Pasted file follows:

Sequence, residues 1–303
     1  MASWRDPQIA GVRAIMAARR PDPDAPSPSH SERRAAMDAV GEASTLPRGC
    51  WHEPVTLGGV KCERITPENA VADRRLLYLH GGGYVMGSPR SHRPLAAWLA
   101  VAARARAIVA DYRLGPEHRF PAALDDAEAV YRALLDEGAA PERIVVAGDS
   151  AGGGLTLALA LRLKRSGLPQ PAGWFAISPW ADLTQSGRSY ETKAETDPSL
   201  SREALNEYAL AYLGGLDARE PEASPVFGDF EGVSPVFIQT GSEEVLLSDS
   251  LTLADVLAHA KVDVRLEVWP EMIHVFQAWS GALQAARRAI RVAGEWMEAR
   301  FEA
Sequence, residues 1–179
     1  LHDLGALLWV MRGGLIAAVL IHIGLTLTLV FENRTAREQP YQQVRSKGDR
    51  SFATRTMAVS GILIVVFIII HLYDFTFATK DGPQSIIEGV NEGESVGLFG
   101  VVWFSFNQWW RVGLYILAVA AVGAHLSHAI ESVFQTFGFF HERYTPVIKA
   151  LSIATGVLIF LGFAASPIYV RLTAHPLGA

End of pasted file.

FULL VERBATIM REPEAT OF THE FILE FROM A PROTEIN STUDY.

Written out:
Sequence, residues 1–303
     1  MASWRDPQIA GVRAIMAARR PDPDAPSPSH SERRAAMDAV GEASTLPRGC
    51  WHEPVTLGGV KCERITPENA VADRRLLYLH GGGYVMGSPR SHRPLAAWLA
   101  VAARARAIVA DYRLGPEHRF PAALDDAEAV YRALLDEGAA PERIVVAGDS
   151  AGGGLTLALA LRLKRSGLPQ PAGWFAISPW ADLTQSGRSY ETKAETDPSL
   201  SREALNEYAL AYLGGLDARE PEASPVFGDF EGVSPVFIQT GSEEVLLSDS
   251  LTLADVLAHA KVDVRLEVWP EMIHVFQAWS GALQAARRAI RVAGEWMEAR
   301  FEA
Sequence, residues 1–179
     1  LHDLGALLWV MRGGLIAAVL IHIGLTLTLV FENRTAREQP YQQVRSKGDR
    51  SFATRTMAVS GILIVVFIII HLYDFTFATK DGPQSIIEGV NEGESVGLFG
   101  VVWFSFNQWW RVGLYILAVA AVGAHLSHAI ESVFQTFGFF HERYTPVIKA
   151  LSIATGVLIF LGFAASPIYV RLTAHPLGA